The South Sudan government has agreed to accept the deployment of a UN-mandated regional force in Juba after months of hesitation, a spokesman said.
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“I would like therefore to inform the people on behalf of the transitional government of national unity that your cabinet has resolved unanimously to allow the deployment of the regional protection force anytime from now,” deputy Information Minister Akol Paul Kordit said late yesterday.
His announcement came after lengthy deliberations during a cabinet meeting chaired by President Salva Kiir, but no details were given about when and where the force would be deployed.
Following an outbreak of fighting in July, the UN Security Council authorised the deployment of an additional 4,000 troops from East Africa with a stronger mandate than the 13,000-strong UN peacekeeping mission UNMISS.
Kiir initially opposed the deployment of additional troops as a breach of national sovereignty but later agreed to their deployment on September 4. Since then his government has been accused by the UN of dragging its heels and failing to take concrete action. The Security Council has threatened to impose an arms embargo on South Sudan if the government blocks the deployment.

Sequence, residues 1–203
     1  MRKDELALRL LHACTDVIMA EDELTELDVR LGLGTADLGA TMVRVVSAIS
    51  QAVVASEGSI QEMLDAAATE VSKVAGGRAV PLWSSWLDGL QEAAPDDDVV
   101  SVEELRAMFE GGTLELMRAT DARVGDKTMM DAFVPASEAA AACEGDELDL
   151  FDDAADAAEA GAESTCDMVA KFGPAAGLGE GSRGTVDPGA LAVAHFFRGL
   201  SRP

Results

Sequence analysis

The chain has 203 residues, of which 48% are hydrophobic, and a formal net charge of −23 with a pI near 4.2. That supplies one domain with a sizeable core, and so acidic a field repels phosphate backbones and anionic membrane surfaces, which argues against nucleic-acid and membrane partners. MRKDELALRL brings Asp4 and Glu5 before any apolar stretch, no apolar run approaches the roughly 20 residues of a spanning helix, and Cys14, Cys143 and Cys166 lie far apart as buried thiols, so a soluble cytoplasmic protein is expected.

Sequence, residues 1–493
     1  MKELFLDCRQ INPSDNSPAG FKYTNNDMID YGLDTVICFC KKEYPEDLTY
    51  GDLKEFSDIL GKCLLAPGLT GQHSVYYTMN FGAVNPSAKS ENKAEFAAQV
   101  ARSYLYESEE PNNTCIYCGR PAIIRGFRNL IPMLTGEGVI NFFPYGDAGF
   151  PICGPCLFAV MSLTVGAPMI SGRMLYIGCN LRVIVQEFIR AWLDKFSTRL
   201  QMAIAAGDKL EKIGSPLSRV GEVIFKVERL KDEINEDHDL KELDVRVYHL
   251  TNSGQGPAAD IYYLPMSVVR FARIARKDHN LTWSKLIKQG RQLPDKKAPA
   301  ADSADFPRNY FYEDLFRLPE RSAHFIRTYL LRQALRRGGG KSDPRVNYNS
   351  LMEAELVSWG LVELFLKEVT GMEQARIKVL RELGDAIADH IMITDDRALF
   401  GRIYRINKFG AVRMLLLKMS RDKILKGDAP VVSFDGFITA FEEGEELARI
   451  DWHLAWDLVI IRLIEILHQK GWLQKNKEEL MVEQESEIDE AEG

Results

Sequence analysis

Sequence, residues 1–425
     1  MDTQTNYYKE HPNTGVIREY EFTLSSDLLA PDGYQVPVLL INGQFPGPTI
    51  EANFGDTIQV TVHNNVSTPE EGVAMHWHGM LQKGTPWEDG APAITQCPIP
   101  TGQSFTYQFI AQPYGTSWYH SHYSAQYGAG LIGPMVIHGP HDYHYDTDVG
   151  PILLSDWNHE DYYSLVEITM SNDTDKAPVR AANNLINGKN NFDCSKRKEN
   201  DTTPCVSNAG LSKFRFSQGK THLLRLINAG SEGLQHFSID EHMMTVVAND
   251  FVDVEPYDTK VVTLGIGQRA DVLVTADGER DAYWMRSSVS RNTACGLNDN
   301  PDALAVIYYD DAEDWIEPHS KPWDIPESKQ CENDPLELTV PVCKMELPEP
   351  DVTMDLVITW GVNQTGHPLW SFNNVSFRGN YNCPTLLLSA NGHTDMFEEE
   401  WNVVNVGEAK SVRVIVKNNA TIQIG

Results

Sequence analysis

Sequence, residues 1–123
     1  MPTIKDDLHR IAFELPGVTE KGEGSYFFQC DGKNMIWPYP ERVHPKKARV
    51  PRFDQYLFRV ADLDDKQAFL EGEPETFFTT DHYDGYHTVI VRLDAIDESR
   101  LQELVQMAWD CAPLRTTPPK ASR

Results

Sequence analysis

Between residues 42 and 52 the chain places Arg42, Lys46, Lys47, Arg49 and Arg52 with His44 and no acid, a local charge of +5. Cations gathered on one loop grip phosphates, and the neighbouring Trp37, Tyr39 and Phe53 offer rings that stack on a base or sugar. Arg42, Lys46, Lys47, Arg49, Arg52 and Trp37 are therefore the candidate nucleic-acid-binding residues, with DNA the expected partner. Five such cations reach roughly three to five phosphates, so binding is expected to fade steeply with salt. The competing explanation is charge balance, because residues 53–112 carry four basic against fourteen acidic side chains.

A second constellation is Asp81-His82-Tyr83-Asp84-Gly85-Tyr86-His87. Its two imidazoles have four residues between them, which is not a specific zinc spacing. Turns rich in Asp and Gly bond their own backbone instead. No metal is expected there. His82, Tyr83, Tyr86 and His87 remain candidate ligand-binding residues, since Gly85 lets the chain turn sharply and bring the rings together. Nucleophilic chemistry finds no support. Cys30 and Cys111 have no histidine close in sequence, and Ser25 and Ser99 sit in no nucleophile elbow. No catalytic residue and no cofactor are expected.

In October UN Secretary-General Ban Ki-moon said the Juba government had proposed “significant limitations” to the new force which it said should only protect UN compounds and installations.
“These limitations clearly contravene the intention of resolution 2304” setting up the force, wrote Ban. The UN wants the regional force to be authorised to use all necessary means to ensure security in Juba, including at the airport and to help protect UN premises. Ethiopia, Kenya and Rwanda will contribute infantry troops to the new force and Rwanda has also offered to deploy tactical helicopters, which South Sudan has in the past opposed.
Kordit said the force will “bring peace in this country, to end the suffering of the people of South Sudan.”